Recidivism and how it relates to criminal justice
Students who are seeking their bachelor’s in criminal justice may come across the subject of recidivism. The definition of this word comes from the Latin for “recurring,” as the term relates to the issue of criminals returning to past behaviors after being integrated in a rehabilitation program. The tendency for past offenders to relapse is a big part of any criminal justice and criminology program, as a high number of those who commit crimes return to the same acts.
This may be frustrating for those who are either entering or currently involved in a bachelor’s in criminology program. According to the Bureau of Justice Statistics, the highest rates of recidivism (70.2 to 77.4 percent) occurred by those who were involved in some form of thievery, while violent crimes, such as homicide, only experienced a recidivism rate of 1.2 percent.
What is recidivism?
The issue of recidivism: Recidivism is a large issue in the criminology and criminal justice world because many law enforcement officials end up seeing the same perpetrators over and over again. This may cause some groups to question whether or not the country’s justice system works. A study conducted by the Environmental Protection Agency found that strong criminal deterrents work to reduce incidents of recidivism.
Predicting future offenses: Many professionals think that a criminal record induces one to repeat an offense and that the former offender should be subject to more scrutiny. Statistics do show that certain types of people will enter into behavioral patterns, however, and those in a criminal justice and criminology degree program will learn how to decipher this type of data.
Studies on recidivism
Factors influencing recidivism: Recidivism is affected by societal and criminal factors. A Danish study found that both age and type of career influenced rates of repeat offending. The type of correctional institution also heavily weighed on whether or not a prisoner came back, which lends some credit to the risk principle.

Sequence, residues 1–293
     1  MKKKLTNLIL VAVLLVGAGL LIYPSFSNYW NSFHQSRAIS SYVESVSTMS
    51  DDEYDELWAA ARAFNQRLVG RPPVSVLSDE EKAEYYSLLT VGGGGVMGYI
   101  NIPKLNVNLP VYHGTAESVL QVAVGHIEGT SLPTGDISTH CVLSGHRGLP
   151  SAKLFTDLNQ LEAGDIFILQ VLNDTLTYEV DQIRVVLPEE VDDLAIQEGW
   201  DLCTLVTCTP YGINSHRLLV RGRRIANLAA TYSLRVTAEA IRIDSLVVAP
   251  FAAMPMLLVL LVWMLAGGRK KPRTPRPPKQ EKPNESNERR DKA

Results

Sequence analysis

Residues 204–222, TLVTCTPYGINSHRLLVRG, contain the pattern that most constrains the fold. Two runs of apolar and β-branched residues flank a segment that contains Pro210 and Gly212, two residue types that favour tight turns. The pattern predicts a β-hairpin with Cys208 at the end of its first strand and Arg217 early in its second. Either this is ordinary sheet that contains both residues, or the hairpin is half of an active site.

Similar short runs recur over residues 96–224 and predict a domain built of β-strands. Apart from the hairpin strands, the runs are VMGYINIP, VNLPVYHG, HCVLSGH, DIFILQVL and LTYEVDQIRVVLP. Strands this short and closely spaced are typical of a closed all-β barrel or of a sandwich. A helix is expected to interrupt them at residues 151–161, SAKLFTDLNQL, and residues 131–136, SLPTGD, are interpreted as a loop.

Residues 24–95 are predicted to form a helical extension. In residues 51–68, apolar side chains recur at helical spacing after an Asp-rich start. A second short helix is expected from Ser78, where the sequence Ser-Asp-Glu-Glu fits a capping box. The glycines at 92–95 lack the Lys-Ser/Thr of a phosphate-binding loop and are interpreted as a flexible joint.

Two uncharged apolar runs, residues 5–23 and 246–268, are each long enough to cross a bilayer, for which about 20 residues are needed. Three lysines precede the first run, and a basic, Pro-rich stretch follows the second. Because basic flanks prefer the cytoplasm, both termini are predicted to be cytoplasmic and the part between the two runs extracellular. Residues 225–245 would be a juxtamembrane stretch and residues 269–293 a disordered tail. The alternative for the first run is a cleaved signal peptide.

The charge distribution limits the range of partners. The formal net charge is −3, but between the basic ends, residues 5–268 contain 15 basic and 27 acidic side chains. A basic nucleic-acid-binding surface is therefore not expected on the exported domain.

Redemption: Part of President Barack Obama’s law enforcement initiative is to help those with a criminal record find work. Those who have stayed clean for many years are less likely to have a repeat offense and may have their past crimes wiped clean from their records under this plan.
The effects of incarceration: The effects of incarceration on criminals has been studied at length. Research shows hat those who have spent longer amounts of time in prison are more likely to repeat a crime.
Using criminology to understand recidivism
The death penalty’s effect on recidivism: Although many states use the death penalty as a deterrent for violent crimes, the act does little to waylay extremely malicious crimes. In fact, certain states with the death penalty actually have higher rates of homicide than others.
Recidivism among female prisoners: Female prisoners experience lower rates of recidivism than men across all areas of crime. Women can also be less likely to offend within a certain crime category.
Prison as deterrent: Prison as deterrent is a long-standing argument that occurs between criminologists and those involved in law enforcement. The high rate of recidivism in certain areas shows that incarceration may not be useful for these crimes, but success in other areas shows that jail does work for some.
Common repeat offences
Juvenile: In 2008, the recidivism rate for juveniles was 35.9 percent in Indiana, as reported by Indiana’s Department of Corrections. This was below the national average, which was reported as 67.5 percent in 2006 by a study conducted by the Commission on Safety and Abuse in America’s Prisons.
Domestic assault: Statistics within the area of domestic violence can be skewed due to a large amount of crimes that may not be reported.
Robbery: Robbers and larcenists experience higher rates of recidivism than any other offenders. This may be because these types of criminals receive less jail time than those who commit violent acts.